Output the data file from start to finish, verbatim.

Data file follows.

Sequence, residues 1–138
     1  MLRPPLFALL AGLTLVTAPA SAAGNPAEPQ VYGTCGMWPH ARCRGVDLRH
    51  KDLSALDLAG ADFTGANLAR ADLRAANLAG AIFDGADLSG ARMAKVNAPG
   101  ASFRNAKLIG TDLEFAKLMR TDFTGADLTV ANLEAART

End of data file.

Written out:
Sequence, residues 1–138
     1  MLRPPLFALL AGLTLVTAPA SAAGNPAEPQ VYGTCGMWPH ARCRGVDLRH
    51  KDLSALDLAG ADFTGANLAR ADLRAANLAG AIFDGADLSG ARMAKVNAPG
   101  ASFRNAKLIG TDLEFAKLMR TDFTGADLTV ANLEAART